Friday, June 11, 2010


by Winnie Griggs
The workhorse of a story is not words, or sentences or even paragraphs - but it is the scene. Because it is in a scene that we see the key element of any good story - namely relevant change.
It is the elements of both relevance and change that makes a scene a scene.

Today I’d like to discuss eight elements that I feel make up an effective scene:

As a set-up for this discussion, let’s imagine a scene where we have our heroine, Debbie Diva, who is newly divorced, and struggling with what impact that label of divorcée will have on her social standing. She’s been invited to a party hosted by a long time acquaintance and the scene opens when she arrives and parks her car.

1 In an effective scene - something happens
The ‘something’ doesn’t have to be remarkable - it can be as simple as a single activity or as complex as several dozen story beats rolled together.

For instance, in our scene with Debbie Diva, if the scene revolves around her fear of going out in public again, the ‘beats’ to this scene might stop with her making the decision to leave her car and walk up to the front door. The party itself may be transitioned over entirely since in this case it was her decision to actually join the party that was important to the story and to showing some aspect of her character.

On the other hand, if the thrust of the scene is to show how she handles being out among her friends, the scene could be composed of a number of beats - arriving at the party, a few awkward conversations, perhaps an overheard catty comment, catching the eye of an intriguing-looking gentleman, and the unexpected arrival of the ‘other woman’.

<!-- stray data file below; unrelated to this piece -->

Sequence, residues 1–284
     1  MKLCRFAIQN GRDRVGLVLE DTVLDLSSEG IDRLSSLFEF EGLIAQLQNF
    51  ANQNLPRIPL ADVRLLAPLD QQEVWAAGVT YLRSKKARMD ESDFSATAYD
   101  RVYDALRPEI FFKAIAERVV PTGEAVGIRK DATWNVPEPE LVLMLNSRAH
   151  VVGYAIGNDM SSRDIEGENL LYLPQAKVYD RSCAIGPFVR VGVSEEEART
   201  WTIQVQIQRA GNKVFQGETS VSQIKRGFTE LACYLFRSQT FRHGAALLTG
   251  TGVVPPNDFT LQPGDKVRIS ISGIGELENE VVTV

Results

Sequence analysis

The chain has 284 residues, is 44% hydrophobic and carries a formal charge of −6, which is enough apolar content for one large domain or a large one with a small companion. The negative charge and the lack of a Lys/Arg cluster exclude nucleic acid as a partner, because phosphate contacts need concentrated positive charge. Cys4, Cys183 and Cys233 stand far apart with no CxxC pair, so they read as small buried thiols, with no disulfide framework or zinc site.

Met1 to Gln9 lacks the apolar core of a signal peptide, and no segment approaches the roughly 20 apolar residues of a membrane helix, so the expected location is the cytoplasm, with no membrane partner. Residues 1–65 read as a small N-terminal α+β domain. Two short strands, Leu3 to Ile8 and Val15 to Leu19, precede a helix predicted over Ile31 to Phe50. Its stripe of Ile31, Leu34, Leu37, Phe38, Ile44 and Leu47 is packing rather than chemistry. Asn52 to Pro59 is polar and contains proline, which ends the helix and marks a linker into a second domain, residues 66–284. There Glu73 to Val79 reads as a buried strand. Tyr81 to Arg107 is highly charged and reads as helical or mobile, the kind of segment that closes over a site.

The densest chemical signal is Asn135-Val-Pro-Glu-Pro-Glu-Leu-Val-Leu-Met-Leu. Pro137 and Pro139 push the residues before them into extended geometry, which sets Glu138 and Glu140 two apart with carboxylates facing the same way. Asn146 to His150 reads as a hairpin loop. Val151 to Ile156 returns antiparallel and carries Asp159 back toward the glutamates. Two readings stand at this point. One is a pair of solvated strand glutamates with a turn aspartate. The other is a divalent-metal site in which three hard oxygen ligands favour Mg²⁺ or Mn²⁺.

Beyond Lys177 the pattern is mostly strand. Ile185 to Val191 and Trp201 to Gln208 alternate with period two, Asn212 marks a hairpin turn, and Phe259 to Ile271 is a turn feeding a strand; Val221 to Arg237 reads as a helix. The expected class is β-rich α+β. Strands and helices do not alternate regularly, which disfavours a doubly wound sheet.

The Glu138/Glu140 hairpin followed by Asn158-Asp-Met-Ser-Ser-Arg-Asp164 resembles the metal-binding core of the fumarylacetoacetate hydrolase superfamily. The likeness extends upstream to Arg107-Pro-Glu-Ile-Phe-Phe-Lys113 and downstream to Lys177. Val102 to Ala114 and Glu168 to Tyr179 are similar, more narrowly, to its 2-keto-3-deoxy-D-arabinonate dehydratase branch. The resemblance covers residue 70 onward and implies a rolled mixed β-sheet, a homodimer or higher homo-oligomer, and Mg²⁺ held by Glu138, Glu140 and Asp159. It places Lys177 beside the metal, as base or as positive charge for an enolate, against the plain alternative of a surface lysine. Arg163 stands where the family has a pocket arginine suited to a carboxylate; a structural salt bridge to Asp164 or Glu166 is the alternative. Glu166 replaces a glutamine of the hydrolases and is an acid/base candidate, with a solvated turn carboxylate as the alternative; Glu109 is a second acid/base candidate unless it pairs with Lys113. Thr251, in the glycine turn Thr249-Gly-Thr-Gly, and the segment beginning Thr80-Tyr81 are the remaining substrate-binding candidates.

2. An effective scene should have a focus or goal
In other words, our character (s) will strive to achieve something. Note, the author needs to look at this on two very different levels:
One, is to view it from the character’s perspective - what does the character hope to accomplish during the course of this scene?
The second is the reader perspective. What do you as the author want the reader to come away from this scene with?
In our scene with Debbie Diva, the character’s goal might be to prove to herself that her social standing was not adversely affected by the divorce. The author’s goal for the reader, however, may be to deepen her understanding of some aspect of Debbie’s character, either a strength or a weakness.

3. An effective scene should elicit a reaction
A well crafted scene will evoke emotion of some sort, both in the characters on the page and in the reader. Note, these won’t necessarily be the same emotions.
Again, in our previous scene with Debbie Diva, depending on how the author plays it out, the reaction of our focal character could be one of mortification, determination, depression, irritation, or even victory.
On the other hand, the reaction of the reader might be one of sympathy, amusement or even annoyance. A good writer will choreograph her scene to tease the emotions she wants from both the characters and the readers.

4. An effective scene will have a story purpose